“Let the elders who rule well be considered worthy of double honor, especially those who work hard at preaching and teaching” (I Timothy 5:17).
The first step toward running a pastor off or leaving the church in search of a better preacher is rejecting the one you have.
We have some pointers on how to do that.
Not that some people need a recipe for finding shortcomings with God’s shepherds. Fault-finders will always find a way. But just in case anyone out there in churchland has been wondering how they could justify rejecting their pastors (to themselves at least), we have the blueprint….
1) Expect the pastor to read your mind.
“You know we always have our meeting on the first Tuesday of September, Pastor. Why did you schedule that revival then?”
“It’s true I didn’t tell you when I was going into the hospital, but you’re the pastor of the church. You ought to know these things!”
When I hear people rejecting their pastor because “He should have known” something that he did not know, I try to calm my anger before saying as gently and firmly as possible, “What planet do you live on, friend? If you think he ought to know something, tell him! Otherwise, grow up.”
If you want him to know something, tell him.
2) Expect the pastor to meet your needs.
“We used to go to that church, but we weren’t having our needs met.”
“I’m just not getting all out of the sermon I should. And if you’re not, whose fault is that? The preacher’s, of course.”
When I hear people saying their pastor did not meet their needs, I tell them, “One of the biggest mistakes church people make is expecting the pastor to be to them what only Jesus Christ can be. Only He can meet your needs.”
Loosen up and cut him some slack.
3) Expect the pastor to please everyone in the congregation.
“Preacher, a lot of people in the church are unhappy with your leadership. Who are they? Oh, just a lot of people. I’m not at liberty to name names. But you have disappointed them and have not been what we needed in a shepherd.”
When I hear the preacher slammed because some groups in the church are unhappy with him, I answer, “He’s not supposed to make you happy. God sent him to make you holy and healthy and to make God happy!”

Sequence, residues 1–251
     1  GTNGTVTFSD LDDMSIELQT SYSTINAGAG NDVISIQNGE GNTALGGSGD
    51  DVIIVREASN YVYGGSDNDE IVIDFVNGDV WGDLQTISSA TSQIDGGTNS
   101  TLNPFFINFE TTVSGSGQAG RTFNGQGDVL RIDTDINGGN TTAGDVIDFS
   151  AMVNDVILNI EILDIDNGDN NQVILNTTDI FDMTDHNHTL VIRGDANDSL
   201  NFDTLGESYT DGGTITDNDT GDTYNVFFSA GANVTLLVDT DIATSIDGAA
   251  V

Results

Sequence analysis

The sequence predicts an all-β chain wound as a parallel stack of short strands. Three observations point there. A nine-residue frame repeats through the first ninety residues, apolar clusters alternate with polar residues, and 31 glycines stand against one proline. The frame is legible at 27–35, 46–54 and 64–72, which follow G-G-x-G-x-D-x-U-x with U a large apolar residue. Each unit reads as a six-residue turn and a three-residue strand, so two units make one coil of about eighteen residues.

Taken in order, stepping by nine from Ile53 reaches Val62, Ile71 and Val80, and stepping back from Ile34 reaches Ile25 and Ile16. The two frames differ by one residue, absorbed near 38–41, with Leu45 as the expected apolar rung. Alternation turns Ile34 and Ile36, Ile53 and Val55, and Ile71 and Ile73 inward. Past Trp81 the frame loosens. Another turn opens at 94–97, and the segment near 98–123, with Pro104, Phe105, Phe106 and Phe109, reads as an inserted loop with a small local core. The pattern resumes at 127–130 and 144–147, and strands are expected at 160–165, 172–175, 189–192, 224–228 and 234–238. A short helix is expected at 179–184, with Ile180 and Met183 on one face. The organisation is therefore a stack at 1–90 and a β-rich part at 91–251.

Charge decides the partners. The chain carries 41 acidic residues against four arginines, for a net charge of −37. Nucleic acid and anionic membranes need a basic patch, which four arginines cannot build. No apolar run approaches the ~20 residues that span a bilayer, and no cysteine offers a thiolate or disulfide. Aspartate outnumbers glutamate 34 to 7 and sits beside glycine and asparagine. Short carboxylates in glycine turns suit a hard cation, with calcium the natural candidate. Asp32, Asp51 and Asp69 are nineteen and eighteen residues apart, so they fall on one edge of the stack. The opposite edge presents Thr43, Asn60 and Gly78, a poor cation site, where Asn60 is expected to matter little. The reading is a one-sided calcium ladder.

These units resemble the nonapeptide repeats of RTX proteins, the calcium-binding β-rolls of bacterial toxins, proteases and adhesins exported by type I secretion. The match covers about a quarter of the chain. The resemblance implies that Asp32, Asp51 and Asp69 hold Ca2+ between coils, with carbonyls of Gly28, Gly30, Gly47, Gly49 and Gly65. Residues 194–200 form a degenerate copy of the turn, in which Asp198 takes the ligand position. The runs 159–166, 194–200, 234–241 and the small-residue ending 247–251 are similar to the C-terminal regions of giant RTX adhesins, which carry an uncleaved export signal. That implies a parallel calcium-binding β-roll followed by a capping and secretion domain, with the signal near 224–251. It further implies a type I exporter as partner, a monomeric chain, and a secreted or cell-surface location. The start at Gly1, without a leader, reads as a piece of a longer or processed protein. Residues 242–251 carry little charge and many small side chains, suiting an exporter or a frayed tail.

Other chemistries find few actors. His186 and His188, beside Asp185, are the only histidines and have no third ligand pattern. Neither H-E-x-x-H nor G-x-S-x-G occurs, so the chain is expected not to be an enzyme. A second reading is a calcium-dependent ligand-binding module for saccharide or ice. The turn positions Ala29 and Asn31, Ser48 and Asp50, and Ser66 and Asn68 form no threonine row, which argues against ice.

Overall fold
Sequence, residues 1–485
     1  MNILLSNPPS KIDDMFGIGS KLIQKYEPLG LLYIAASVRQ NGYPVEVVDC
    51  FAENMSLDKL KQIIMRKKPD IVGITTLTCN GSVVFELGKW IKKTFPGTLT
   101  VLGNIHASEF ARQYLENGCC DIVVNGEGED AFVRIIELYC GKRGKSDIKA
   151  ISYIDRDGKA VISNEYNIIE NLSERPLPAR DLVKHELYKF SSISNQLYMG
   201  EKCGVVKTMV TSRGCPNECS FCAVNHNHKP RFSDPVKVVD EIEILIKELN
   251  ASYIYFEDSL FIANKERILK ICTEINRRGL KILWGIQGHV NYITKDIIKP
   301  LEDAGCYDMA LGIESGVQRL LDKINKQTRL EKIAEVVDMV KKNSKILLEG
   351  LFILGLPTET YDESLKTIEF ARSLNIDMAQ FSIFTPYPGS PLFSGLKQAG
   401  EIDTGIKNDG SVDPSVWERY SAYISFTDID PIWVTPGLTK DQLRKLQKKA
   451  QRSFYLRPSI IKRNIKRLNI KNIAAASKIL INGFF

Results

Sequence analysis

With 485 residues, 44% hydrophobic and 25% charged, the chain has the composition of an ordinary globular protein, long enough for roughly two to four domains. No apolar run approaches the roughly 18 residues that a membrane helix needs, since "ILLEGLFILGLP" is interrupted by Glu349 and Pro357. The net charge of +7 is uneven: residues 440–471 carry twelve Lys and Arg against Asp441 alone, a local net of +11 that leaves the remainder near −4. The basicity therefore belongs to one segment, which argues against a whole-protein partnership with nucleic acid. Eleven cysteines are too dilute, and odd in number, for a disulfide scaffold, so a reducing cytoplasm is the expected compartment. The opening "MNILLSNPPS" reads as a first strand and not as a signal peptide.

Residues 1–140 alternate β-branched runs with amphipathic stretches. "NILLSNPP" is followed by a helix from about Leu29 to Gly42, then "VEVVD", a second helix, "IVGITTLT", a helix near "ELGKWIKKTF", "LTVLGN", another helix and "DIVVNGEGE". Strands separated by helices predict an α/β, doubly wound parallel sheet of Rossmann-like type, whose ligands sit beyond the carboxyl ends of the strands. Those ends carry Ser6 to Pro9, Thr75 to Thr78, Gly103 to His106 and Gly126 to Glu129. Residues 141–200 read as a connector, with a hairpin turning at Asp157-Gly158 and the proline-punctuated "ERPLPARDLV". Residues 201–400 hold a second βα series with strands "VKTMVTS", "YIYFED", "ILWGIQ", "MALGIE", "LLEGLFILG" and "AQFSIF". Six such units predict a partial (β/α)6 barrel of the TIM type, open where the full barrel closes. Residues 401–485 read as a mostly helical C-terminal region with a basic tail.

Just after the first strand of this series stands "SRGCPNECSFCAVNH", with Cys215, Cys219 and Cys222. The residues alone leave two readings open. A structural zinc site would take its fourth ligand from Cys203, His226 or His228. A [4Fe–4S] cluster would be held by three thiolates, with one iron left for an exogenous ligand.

If the Lord uses the pastor to preach the whole truth, you will be in the crosshairs of the preaching often. Take that as a sign the Lord loves you, since “He chastens those He loves” (Proverbs 3:12).
4) Expect the pastor to always be there for you.
“We had a crisis in our family and the pastor was in the Holy Land. We will never get over not having our pastor with us during our time of grief.”
“Can you believe he missed my retirement party to attend his child’s baseball game? There will be plenty of games he can attend, but I will retire only one time in my life.”
When I hear people criticize the pastor because “He wasn’t there for me,” my response is, “Get real, friend. This is the kingdom of God, not the Jerry Springer Show!”
Again, cut him some slack. He’s only one person.
5) Expect the pastor to be different from normal people.
“I know you’re tired this Sunday afternoon, pastor, and I didn’t want to bother you with this, but then I thought, you’re the pastor, God gives you extra strength to handle things like this.”
“Our committee decided you don’t need a new car, pastor, so we’re cutting your automobile expense for the next year. No one cares what your old car looks like, least of all someone godly like you. Right?”
When I hear people say they expect the pastor to be superhuman, my response is, “And where did you find that in Scripture?”
Underneath his Clark Kent persona, the pastor is still Clark Kent. Sorry if that disappoints you.
6) Expect the pastor to be sinless.